Background: WHO and UNAIDS recommend voluntary medical male circumcision (VMMC) as a priority intervention in high HIV prevalence settings, such as Mozambique, for considerable reduction of sexual transmission of HIV. In Mozambique, VMMC has been provided as surgery since 2009. This requires certified providers and rigorous biosafety measures, making challenging the achievement of the MOH goal of 2 million males circumcised by 2017. PrePex?does not require injectable anesthesia or suturing circumcision. Using such devices could reduce staff needs, procedure time and costs, and increase the acceptability of VMMC. In 2013, a pilot study of the PrePex? device was started in Mozambique to assess the safety and acceptability of VMMC of this particular device among providers and clients.
Methods: At removal of the PrePexTM device, at day 7 post-placement, 111 clients were randomly asked for in-depth interviews about their experience, and whether they would recommend. The interview was repeated at the 28th day (control visit). Interview transcripts were entered, coded and scrutinized in ATLAS.Ti?, to identify issues with PrePex? not included in the client information package, and thus classified as “unusual”.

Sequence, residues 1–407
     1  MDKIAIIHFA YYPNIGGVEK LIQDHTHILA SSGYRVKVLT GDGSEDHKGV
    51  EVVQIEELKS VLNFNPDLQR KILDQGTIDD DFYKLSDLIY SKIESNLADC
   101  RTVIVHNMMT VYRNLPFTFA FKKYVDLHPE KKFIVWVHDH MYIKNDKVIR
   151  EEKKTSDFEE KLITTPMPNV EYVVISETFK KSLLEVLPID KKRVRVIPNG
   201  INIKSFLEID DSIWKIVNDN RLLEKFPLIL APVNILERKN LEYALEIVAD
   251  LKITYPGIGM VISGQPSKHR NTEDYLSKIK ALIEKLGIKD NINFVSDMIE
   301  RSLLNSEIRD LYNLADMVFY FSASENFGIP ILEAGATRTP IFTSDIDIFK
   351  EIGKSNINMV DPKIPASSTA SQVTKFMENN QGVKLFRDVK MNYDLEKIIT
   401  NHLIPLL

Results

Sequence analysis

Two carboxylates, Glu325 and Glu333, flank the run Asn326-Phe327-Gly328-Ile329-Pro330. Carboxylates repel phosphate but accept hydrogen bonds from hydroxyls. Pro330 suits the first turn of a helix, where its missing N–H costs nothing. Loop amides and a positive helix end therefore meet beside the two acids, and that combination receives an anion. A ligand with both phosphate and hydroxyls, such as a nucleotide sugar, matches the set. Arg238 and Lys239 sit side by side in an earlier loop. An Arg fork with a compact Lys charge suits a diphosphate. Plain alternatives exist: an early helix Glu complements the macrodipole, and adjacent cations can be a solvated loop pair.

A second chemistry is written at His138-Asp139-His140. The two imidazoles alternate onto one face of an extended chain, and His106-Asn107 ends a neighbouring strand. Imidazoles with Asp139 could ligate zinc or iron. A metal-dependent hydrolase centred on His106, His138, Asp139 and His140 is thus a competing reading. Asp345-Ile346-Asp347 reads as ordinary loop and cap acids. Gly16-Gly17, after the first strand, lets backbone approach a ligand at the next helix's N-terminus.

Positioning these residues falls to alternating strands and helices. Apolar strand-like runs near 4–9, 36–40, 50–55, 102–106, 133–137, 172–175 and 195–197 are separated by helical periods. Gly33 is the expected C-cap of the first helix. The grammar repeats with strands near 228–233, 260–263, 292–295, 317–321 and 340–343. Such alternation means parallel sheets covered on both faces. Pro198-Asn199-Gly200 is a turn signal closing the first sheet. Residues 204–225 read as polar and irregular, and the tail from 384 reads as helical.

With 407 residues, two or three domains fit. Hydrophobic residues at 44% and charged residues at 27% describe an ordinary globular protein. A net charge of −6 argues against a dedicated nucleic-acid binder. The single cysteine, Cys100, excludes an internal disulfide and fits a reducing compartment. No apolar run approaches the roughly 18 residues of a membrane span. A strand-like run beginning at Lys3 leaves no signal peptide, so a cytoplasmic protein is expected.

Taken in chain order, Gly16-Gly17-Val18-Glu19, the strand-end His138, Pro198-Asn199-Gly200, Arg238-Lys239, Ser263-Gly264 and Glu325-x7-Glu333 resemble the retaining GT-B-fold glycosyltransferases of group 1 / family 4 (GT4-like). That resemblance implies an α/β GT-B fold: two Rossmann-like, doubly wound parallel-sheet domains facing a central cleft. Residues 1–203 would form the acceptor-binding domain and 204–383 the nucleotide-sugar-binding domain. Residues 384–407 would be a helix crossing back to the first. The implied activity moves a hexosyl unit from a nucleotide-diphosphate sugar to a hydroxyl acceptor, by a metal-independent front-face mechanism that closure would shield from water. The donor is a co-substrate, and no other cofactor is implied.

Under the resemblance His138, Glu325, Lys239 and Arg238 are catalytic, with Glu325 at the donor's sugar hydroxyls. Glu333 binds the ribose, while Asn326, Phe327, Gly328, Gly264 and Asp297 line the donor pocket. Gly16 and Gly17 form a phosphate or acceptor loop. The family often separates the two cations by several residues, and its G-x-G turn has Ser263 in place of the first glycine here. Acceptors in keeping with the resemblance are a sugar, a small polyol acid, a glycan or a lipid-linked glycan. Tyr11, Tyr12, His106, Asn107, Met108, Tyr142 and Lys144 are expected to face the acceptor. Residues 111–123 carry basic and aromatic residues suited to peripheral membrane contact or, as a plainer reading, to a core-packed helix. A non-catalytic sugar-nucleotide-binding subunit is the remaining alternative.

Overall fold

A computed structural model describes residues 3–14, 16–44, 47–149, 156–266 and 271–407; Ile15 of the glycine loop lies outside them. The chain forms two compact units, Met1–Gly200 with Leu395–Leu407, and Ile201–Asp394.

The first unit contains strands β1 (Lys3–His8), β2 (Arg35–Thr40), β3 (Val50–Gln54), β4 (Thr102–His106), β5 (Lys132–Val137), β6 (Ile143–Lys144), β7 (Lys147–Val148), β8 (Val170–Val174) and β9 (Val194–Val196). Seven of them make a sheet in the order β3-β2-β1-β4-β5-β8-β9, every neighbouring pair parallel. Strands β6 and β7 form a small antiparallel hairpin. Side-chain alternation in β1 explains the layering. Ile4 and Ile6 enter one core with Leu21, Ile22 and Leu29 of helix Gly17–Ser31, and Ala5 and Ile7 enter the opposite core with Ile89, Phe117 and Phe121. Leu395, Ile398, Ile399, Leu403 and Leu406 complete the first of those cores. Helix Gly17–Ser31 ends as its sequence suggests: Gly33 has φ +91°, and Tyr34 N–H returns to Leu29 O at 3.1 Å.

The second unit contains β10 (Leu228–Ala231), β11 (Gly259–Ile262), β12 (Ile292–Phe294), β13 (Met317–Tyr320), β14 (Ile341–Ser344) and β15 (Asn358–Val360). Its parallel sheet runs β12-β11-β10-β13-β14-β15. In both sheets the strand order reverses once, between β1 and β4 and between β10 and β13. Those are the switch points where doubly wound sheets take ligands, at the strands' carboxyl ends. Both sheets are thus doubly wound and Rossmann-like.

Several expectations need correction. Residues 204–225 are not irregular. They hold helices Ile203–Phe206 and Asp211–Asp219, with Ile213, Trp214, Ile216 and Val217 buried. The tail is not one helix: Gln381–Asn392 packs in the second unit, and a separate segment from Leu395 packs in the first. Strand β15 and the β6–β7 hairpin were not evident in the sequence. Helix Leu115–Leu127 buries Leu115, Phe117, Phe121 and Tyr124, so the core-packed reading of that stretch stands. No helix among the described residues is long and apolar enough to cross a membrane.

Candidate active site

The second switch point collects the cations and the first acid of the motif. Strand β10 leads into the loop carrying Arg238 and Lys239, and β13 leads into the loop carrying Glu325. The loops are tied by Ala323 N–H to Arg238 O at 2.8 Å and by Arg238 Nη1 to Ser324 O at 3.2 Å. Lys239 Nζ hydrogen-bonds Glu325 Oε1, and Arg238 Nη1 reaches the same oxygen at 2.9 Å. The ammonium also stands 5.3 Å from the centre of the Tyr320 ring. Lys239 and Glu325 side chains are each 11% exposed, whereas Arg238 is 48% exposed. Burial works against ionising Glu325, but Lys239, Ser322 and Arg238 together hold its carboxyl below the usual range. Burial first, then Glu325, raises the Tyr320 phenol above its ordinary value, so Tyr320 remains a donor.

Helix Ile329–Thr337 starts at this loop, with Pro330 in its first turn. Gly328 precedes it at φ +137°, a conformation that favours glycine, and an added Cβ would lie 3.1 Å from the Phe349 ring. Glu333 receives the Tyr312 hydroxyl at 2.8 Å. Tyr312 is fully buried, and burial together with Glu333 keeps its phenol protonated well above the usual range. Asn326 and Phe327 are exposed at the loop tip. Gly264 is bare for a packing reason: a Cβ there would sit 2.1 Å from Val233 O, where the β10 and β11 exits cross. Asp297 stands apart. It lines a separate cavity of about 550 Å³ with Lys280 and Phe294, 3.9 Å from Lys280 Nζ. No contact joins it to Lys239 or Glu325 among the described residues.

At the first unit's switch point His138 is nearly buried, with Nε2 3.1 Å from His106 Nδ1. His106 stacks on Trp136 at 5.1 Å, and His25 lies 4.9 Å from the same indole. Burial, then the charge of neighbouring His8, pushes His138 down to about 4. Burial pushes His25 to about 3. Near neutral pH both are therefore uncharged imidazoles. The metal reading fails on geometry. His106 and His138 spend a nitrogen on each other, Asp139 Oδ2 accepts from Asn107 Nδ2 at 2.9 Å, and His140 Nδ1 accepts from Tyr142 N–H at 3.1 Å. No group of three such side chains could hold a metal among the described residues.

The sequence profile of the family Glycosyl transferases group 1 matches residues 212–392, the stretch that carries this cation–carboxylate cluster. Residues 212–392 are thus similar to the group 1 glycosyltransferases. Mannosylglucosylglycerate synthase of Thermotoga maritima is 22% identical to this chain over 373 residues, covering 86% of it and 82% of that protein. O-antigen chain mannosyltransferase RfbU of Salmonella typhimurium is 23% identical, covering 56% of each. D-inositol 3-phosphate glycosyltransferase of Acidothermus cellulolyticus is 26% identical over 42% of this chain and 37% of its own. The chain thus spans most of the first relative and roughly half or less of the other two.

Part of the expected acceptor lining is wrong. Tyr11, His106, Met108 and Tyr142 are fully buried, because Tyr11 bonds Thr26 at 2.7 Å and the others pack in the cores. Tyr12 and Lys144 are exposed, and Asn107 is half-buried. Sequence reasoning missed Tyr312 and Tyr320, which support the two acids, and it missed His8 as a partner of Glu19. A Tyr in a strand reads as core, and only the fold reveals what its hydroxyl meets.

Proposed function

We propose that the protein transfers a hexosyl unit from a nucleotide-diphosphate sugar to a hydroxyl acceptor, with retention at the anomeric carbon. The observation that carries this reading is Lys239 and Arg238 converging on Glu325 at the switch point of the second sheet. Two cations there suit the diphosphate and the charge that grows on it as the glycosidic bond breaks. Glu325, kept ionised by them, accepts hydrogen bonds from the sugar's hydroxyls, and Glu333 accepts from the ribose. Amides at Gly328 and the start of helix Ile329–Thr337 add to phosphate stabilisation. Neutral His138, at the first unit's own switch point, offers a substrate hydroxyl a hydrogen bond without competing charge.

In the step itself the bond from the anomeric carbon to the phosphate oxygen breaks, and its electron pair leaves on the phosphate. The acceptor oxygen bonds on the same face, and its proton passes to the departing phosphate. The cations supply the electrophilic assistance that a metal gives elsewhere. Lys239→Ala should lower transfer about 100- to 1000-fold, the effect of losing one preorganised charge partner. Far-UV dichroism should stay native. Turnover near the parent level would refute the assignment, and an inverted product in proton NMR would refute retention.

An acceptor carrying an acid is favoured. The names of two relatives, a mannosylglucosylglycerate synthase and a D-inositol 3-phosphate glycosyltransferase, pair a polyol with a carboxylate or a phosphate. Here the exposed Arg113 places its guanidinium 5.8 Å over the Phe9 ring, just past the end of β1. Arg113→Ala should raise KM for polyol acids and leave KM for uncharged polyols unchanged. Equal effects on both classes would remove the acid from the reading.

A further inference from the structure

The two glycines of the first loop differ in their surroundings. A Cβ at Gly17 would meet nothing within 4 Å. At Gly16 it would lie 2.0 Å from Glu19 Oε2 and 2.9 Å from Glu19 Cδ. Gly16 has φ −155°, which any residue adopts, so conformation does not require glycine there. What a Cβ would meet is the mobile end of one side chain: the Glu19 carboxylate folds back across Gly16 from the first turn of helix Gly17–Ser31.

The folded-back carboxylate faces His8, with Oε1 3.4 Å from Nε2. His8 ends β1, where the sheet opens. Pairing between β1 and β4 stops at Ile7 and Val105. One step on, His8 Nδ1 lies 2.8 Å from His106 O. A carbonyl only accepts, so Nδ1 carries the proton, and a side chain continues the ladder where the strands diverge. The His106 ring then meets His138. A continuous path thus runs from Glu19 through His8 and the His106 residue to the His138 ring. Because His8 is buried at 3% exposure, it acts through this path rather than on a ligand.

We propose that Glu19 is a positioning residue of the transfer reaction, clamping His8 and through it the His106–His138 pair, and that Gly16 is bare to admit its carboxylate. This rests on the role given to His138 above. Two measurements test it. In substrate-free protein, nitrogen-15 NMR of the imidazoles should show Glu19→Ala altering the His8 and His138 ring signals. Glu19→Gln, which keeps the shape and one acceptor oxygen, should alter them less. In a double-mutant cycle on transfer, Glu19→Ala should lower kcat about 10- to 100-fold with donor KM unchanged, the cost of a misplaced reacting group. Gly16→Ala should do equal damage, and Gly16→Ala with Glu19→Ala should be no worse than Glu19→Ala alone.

Results: In the interviews, 85.8% of the recipients of PrePexTM circumcision indicated they had a good experience with the device and 91.3% of the clients who used PrePexTM would recommend it to others. The interviews identified the occurrence of four presentations of discomfort not foreseen by the providers of device circumcision. The most frequent discomfort was the difficulty to keep the penis upright, followed by the tendency of the penis skin to adhere to underwear (complicating the act of urinating), quick soiling of the bandages before the scheduled visit, and need for frequent hygiene and cleansing due to odor when in bed. The complaints were associated with embarrassment in public (e.g., on a bus) and interference with social life.
Conclusions: Although satisfaction is high, unusual discomfort with PrePexTM may affect its acceptability. Therefore, appropriate measures should be considered when implementing large scale device circumcision, including information for clients on how to handle such situations need to be offered to device clients, and questionnaires to monitor the presence of forms of discomfort.

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